Accordingly, there was a need in the prior art for a gas sensor tester that would expose sensors to the target gas and monitor the reaction of the sensor. Additionally, there was a need for a sensor tester that was relatively compact and light, that would work with various types of sensors, and that provided a reliable, repeatable test environment.
In accordance with the subject invention, apparatus for testing a gas sensor includes an array of electrical resistors that are attached to a base member. One end of each resistor is electrically connected to a common terminal and each resistor is coated with a compound that emits a predetermined gas in response to increases in temperature of the resistor.
Preferably, the testing apparatus further includes means for generating an electrical voltage. Also preferably, the coating compound includes a metal oxalate wherein the metal is selected from the group consisting of alkali metals and alkaline earth metals.
More preferably, the voltage generating means of the testing apparatus includes means for generating a voltage at a predetermined time in combination with an electrical network that is connected to the voltage generating means and to the array of electrical resistors, wherein the network selectively connects individual resistors of the array to the voltage generating means. Also, more preferably, the coating on the resistors is a compound that includes an oxalate salt of a metal, a binder, and a thickener.
Most preferably, the apparatus for testing the gas sensor is included in the gas diffusion path of a sensor of the type wherein electrolyte is maintained in the body of the sensor and a plurality of electrodes are in contact with the electrolyte. Also most preferably, the metal of the metal oxalate is selected from the group of sodium, lithium, calcium, potassium and magnesium.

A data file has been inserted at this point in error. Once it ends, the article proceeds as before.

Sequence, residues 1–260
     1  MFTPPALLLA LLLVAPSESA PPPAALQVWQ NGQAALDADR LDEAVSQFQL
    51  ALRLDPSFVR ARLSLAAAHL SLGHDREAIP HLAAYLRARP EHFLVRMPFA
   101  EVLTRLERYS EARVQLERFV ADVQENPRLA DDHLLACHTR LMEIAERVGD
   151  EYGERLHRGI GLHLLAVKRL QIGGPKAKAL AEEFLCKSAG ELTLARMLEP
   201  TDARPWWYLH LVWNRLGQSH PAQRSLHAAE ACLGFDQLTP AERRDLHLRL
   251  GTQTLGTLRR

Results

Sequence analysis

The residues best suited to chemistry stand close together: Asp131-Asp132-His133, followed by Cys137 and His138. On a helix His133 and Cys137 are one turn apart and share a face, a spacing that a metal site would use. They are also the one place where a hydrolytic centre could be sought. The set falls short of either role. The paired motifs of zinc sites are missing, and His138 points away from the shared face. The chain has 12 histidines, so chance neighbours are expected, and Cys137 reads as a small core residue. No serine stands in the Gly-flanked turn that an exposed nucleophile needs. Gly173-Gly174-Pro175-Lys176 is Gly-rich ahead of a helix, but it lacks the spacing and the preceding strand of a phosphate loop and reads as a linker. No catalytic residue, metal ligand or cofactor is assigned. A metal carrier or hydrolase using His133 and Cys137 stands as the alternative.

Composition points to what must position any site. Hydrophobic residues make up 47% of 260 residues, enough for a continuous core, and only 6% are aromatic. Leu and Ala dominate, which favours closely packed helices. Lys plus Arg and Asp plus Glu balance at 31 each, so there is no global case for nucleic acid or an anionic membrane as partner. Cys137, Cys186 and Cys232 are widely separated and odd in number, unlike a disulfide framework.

Other objects and advantages of the invention disclosed herein will become apparent to those skilled in the art as a description of a preferred embodiment of the invention proceeds.
The accompanying drawings illustrate a preferred embodiment of the invention wherein:
FIG. 1 is an exploded projection of a sensor that incorporates a resistor array in accordance with the preferred embodiment; and
FIG. 2 is a schematic diagram illustrating the disclosed apparatus and method with selectively reusable elements for generating carbon monoxide.
A preferred embodiment of an automatic self-testing sensor in accordance with the invention is illustrated in FIGS. 1 and 2. Generally, the gas sensor is located in the proximity of the carbon monoxide generating elements herein disclosed so that the sensor is exposed to carbon monoxide generated from the elements. In the example of the preferred embodiment shown in FIGS. 1 and 2, the carbon monoxide generating element is incorporated integrally into the assembly of the sensor.
As shown particularly in FIG. 1, the sensor 8 has a body 10 that includes a first, generally cup-shaped, electrically non-conductive portion 12 that defines a well or chamber 14. As hereinafter more fully explained, non-conductive portion 12 cooperates with conductive portions 16, 18 and 20 to define an external surface 22. Body 10 has three electrically conductive portions 16, 18, and 20 that are spaced apart by non-conductive portion 12. Each of conductive portions 16, 18 and 20 serves as an electrical pathway from body 10. Conductive portions 16, 18 and 20 are electrically isolated from each other by the remaining non-conductive portion 12. The shape of conductive portions 16, 18 and 20 may be varied from those shown in FIG. 1.
The surface of an electrode substrate 24 that opposes body 10 has three conductive electrodes 26, 28 and 30 formed thereon. Electrode 26 is a working electrode, electrode 28 is a reference electrode and electrode 30 is a counter electrode. When electrode substrate 24 is located on the face 32 of non-conductive portion 12, electrodes 26, 28 and 30 are aligned and make contact with the portions 16, 18 and 20 of body 10.